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CASE REPORT
Year : 2015  |  Volume : 4  |  Issue : 1  |  Page : 52-55

Biological Restoration: A Natural Replacement for a Fractured Tooth


1 Intern, Sinhgad Dental College and Hospital, Pune, Maharashtra, India
2 Reader, Department of Conservative Dentistry and Endodontics, Sinhgad Dental College and Hospital, Pune, Maharashtra, India
3 Postgraduate Student, Department of Conservative Dentistry and Endodontics, Sinhgad Dental College and Hospital, Pune, Maharashtra, India
4 Lecturer, Department of Conservative Dentistry and Endodontics, Sinhgad Dental College and Hospital, Pune, Maharashtra, India
5 Head of Department, Department of Conservative Dentistry and Endodontics, Sinhgad Dental College and Hospital, Pune, Maharashtra, India

Correspondence Address:
Vivek Sunil Nair
Intern, Sinhgad Dental College and Hospital, 44/1, Vadgaon Budruk, Pune, Maharashtra
India
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Source of Support: None, Conflict of Interest: None


DOI: 10.4103/2277-4696.167572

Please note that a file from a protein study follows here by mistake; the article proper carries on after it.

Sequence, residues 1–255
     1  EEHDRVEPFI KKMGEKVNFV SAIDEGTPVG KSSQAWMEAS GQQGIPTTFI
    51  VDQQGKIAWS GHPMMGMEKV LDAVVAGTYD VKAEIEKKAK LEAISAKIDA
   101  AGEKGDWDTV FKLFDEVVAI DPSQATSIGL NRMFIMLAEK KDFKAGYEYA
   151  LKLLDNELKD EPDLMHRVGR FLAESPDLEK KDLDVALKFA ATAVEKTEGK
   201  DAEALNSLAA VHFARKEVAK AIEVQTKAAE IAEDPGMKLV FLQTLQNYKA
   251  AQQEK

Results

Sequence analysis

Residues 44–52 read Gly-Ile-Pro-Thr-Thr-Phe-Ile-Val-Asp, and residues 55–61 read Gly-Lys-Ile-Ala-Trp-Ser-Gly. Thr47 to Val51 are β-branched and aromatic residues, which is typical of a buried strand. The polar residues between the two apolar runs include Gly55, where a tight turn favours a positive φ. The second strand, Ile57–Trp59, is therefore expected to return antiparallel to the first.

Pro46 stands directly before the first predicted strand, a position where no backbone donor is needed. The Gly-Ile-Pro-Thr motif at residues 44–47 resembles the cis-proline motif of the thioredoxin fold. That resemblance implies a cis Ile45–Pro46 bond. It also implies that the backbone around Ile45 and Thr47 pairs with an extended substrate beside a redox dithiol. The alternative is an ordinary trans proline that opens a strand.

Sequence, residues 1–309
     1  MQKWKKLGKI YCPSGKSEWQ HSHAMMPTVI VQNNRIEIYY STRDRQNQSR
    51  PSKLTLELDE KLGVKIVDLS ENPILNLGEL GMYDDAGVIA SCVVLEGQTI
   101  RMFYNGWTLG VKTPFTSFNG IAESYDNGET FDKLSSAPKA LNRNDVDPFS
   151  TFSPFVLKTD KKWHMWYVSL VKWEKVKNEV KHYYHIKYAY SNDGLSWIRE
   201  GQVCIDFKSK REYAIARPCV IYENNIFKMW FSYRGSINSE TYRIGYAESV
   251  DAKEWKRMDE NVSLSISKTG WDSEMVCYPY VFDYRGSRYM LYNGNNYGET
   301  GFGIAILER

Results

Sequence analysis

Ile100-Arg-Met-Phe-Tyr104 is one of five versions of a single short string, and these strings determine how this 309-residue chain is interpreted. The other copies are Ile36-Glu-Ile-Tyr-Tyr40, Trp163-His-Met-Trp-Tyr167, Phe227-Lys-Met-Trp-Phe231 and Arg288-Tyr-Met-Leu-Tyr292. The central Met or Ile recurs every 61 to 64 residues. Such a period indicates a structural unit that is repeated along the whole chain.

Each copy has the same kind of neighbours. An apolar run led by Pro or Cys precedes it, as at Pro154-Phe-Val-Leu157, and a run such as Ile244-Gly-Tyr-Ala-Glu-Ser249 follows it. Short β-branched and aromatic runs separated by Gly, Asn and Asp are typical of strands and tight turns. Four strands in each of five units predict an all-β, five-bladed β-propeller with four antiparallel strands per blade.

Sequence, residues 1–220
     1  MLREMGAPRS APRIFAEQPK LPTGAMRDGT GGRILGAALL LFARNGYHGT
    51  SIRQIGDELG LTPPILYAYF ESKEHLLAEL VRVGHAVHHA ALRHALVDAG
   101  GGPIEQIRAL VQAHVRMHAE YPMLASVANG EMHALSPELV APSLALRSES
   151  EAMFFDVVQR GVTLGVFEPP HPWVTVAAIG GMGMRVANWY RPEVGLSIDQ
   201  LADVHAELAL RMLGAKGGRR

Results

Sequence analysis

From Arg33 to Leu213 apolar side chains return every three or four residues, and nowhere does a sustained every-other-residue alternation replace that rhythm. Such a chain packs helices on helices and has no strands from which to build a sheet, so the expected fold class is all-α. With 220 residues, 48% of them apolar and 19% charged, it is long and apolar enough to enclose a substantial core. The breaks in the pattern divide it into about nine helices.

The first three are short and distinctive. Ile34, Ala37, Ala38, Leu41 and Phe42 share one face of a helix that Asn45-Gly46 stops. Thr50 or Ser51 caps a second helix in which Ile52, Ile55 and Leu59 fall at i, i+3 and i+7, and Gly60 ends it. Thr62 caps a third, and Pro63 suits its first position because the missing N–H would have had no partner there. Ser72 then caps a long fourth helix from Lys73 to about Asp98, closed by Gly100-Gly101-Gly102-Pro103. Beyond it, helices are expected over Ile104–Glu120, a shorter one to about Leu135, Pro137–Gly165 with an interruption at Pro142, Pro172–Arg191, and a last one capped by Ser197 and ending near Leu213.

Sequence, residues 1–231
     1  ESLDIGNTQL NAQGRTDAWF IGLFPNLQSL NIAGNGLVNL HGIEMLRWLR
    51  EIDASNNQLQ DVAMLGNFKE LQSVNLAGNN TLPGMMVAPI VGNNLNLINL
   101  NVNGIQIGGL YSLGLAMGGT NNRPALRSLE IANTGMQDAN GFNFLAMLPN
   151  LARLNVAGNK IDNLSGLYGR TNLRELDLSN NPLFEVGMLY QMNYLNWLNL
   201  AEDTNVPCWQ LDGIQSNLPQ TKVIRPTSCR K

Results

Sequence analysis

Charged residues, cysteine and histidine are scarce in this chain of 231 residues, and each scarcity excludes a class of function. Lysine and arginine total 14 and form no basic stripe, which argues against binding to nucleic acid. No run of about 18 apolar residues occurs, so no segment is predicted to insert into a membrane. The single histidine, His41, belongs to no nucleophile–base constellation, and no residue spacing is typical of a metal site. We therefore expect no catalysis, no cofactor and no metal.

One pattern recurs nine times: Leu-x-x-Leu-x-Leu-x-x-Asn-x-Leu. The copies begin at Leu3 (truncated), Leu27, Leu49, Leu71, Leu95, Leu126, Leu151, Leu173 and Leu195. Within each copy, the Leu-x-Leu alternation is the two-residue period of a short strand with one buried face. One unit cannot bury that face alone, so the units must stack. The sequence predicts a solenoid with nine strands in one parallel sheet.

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Fractured anterior teeth due to traumatic injuries are a common occurrence in dental practice. The role of operative dentistry in such cases is to restore proper tooth form, function, and esthetics. Achieving this by bonding sterile dental fragments to teeth with large coronal destruction is expressed as "biological restoration." This approach provides excellent esthetics as compared to composites or cast restorations, especially in terms of translucency and is also a cost-effective alternative to the same. This paper reports the case of a 22-year-old male in whom biological restoration was considered as a biofunctional and esthetic replacement of the fractured central incisor (Ellis Class III tooth fracture) with more than 40% loss of tooth material. Following clinical and radiographic evaluation, endodontic treatment of the fractured tooth was carried out. Post space was prepared to receive the biological restoration. Extracted teeth were then used to fabricate a biological post and biological crown; which was then sterilized in accordance with biosecurity standards and later cemented. According to the available literature and clinical evidence, biological restorations can be considered as an efficient option for management of fractured anterior teeth.


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